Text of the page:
At university, you choose the classes you take according to the major you choose. Therefore, if you chose to take Shakespeare and aren't making use of it, you have nobody but yourself to blame for that. And what you're proposing by cutting "baloney" is kind of what the Board is doing here. PE, arts, health, etc., can be taught by parents. Parents can teach their children all these subjects just as if not more competently than professional educators. No grading and administrative bureaucracy needed!

  • SAS Sandy, UT
    Aug. 9, 2017 2:05 a.m.

    There's a simple reason for cutting PE.

    Our public schools are on large campuses, with gyms and fields where kids can get some exercise.

    But that's no longer the style. Now it's all about private schools, or charter schools that take our tax money and give it to for-profit operators.

    There's no profit in having fields or playgrounds or gyms. Instead, it's much easier to rent out space in an office park or warehouse and call it a school.

    And if the school fails or the operator goes bankrupt or runs off with the funding? Don't worry. The building will be let out as a call center next month. (Perhaps with the students inside--that's the only work they'll be prepared for!)

  • Gregory American Fork, UT
    Aug. 8, 2017 4:39 p.m.

    At the heart of these problems is the lack of money. Yes, our education system needs much more money. Much more.

  • Fabulous Jen Eagle Mountain, UT
    Aug. 8, 2017 4:37 p.m.

    If I could add one more art-related anecdote ... I was a very poor middle school student. Girls never flunked grades back then but I would have been a good candidate. Those were very sad and awkward years. It's one of the reasons I became a middle school teacher.

    To coincide with the first "Earth Day" in 1970, there was a statewide contest to see which boy/girl team in art class could come up with the best "anti-litter" poster. I teamed up with a boy who was also having a difficult time in middle school. We came up with the theme "Keep Utah Beautiful! Throw All Your Garbage In Colorado!" Our drawing of a little "devil" straddling the state line with a pitchfork holding a sign that said that did look a little satanic but it was also very "middle school". Colorado was overflowing with garbage, of course, while Utah was as pristine as ever. But we took third place in the contest and we each received a Parker pen set as an award.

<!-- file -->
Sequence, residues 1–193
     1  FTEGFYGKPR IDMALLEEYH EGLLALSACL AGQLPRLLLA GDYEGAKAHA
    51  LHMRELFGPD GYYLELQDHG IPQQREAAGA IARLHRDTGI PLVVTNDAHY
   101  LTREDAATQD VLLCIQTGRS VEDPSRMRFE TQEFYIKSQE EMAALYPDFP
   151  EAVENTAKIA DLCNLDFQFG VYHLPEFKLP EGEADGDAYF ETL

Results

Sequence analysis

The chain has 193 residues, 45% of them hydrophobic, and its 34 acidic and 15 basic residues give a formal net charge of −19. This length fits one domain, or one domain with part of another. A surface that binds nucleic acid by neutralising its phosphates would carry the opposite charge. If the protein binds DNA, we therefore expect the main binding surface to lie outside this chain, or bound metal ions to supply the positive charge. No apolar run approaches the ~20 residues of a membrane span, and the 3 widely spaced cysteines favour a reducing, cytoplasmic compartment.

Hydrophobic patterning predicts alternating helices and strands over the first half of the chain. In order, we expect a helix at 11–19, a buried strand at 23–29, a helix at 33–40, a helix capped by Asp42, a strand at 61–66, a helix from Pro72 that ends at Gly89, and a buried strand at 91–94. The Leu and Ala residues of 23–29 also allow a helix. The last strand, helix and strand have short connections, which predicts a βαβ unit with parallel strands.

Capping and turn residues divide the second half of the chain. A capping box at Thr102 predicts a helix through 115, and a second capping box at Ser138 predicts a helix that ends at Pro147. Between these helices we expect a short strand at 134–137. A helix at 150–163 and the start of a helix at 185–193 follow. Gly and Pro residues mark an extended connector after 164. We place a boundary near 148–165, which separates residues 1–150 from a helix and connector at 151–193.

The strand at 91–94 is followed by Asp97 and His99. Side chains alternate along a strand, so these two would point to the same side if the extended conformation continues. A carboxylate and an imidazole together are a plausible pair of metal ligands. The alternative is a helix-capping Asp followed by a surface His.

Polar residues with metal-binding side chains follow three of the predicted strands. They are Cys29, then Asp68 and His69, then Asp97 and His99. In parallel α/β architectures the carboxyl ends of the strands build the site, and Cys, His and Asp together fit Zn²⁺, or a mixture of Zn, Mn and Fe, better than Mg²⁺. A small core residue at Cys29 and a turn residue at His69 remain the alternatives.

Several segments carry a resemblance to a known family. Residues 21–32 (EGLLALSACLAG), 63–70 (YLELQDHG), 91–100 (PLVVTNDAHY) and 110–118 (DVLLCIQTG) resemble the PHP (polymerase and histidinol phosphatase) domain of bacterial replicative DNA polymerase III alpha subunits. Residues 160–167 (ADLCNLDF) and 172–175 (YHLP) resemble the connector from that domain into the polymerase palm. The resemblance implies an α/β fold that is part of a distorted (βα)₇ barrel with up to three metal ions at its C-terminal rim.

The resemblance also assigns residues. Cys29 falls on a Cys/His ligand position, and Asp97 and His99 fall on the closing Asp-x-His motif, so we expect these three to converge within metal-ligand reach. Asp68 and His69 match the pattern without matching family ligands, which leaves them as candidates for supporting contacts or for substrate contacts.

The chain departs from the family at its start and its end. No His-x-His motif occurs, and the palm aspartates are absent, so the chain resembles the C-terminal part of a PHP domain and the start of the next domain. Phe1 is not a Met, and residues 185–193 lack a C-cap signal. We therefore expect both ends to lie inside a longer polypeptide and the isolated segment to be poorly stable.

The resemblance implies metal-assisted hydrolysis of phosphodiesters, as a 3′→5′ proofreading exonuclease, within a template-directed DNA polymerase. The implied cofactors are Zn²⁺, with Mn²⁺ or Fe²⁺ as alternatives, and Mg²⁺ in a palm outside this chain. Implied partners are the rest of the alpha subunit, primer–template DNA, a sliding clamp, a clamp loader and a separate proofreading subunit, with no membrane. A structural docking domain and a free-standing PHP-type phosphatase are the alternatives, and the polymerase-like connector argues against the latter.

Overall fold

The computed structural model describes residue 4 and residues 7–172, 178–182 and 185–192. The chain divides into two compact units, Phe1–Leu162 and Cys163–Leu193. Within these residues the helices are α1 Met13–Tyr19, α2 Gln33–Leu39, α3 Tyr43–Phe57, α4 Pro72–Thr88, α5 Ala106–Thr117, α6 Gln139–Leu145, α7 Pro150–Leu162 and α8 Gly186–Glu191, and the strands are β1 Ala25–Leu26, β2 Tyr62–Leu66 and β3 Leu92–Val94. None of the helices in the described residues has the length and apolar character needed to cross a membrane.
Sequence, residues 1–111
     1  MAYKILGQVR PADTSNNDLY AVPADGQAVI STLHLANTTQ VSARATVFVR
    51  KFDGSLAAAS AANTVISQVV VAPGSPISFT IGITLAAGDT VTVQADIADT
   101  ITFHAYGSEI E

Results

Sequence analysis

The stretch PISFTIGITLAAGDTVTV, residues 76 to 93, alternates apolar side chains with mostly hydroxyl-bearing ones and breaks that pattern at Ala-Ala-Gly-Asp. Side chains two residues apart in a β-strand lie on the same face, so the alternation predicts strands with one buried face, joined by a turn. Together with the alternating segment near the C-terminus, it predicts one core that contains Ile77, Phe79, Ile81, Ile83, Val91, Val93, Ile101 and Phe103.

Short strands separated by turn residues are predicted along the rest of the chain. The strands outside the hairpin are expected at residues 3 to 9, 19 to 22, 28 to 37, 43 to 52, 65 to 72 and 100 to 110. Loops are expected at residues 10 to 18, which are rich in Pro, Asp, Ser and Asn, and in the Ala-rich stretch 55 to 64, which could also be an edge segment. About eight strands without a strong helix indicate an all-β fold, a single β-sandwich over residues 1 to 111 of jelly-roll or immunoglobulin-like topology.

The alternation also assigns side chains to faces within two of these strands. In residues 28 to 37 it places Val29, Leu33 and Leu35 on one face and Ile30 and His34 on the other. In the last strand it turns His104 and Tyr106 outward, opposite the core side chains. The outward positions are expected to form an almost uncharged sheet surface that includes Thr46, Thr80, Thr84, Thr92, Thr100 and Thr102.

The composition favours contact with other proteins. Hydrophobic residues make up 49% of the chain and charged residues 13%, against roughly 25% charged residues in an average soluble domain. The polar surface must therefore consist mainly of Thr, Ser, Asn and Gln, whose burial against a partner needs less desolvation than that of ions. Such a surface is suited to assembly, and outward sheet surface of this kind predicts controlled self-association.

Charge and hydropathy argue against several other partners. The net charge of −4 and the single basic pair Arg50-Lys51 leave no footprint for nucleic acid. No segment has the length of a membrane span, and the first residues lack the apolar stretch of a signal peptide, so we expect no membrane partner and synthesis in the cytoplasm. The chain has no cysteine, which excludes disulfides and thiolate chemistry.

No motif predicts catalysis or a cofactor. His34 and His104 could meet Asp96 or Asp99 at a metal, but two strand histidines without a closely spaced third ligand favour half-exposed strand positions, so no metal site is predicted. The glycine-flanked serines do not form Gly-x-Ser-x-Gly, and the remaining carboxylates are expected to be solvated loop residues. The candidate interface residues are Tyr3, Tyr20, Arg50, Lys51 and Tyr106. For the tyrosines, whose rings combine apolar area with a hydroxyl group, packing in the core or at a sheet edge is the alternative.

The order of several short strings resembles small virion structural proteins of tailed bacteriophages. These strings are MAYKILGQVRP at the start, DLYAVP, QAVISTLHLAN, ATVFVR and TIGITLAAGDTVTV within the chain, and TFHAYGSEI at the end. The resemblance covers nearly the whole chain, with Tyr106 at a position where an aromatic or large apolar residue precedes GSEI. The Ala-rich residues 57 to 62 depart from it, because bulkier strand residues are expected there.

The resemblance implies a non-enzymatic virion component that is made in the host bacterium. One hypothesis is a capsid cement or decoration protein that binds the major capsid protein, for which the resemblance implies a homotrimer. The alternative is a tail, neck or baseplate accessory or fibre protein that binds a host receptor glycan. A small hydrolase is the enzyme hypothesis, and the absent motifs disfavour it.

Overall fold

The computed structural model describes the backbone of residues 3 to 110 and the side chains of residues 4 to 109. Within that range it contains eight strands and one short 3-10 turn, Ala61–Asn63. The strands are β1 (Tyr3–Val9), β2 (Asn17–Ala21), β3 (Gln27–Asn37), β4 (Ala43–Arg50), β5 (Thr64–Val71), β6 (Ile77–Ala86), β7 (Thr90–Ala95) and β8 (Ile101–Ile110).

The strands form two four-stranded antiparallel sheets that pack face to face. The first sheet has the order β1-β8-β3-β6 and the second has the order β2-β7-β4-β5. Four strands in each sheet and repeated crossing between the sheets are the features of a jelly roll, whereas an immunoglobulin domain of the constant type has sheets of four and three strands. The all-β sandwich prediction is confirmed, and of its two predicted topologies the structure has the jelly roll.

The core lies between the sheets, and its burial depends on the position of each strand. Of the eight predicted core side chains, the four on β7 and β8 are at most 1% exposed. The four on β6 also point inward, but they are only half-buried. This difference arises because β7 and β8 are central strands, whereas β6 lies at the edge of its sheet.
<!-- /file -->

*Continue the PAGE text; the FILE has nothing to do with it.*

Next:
I'm still friends with and occasionally run into that boy 47 years later. We still laugh about our art project. It was the only middle school experience we had that was positive. It's a shame those art opportunities might not be available to today's kids.

  • Fabulous Jen Eagle Mountain, UT
    Aug. 8, 2017 3:26 p.m.

    I was a certified middle school teacher for fourteen years. Very few 12-14 year-olds have "passion" for any academic subject. Most of my students wanted to be NBA players or rap stars.

    I'll never forget the very at-risk, emotionally volatile boy who created contemporary drawings in art class that would have made Andy Warhol proud. I saw him in the office once for disciplinary reasons and offered him $20 for one of his color charcoal drawings of a Frosted Flakes box that was on display in the school's hallway. The boy broke down and cried. No one had ever told him he was talented before.

    Removing the arts from the curriculum does a great disservice to kids like that boy. Taking the arts away from Native American kids in rural schools will be especially devastating for them. Art is a huge part of Native American culture.

  • Esquire Springville, UT
    Aug. 8, 2017 2:36 p.m.

    This is wrong. It's a step in the wrong direction, making our society worse.

  • UtahBlueDevil Durham, NC
    Aug. 8, 2017 2:01 p.m.

    DrMan.... the poor families I interact with don't live in McMassions, late model cars or have much of the stuff you claim them to have... perhaps you need to spend a little more time with these families.

    As to universities only teach what adults need in life.... can't remember the last time I used trig or calculus, nor has my Shakespeare class had much relevance to my ability to provide for my family. If we restrict universities to teach only those things add value to our working lives... we could cut out much of the required baloney taught.

  • RVlifeRudy27 Orem, UT
    Aug. 8, 2017 12:47 p.m.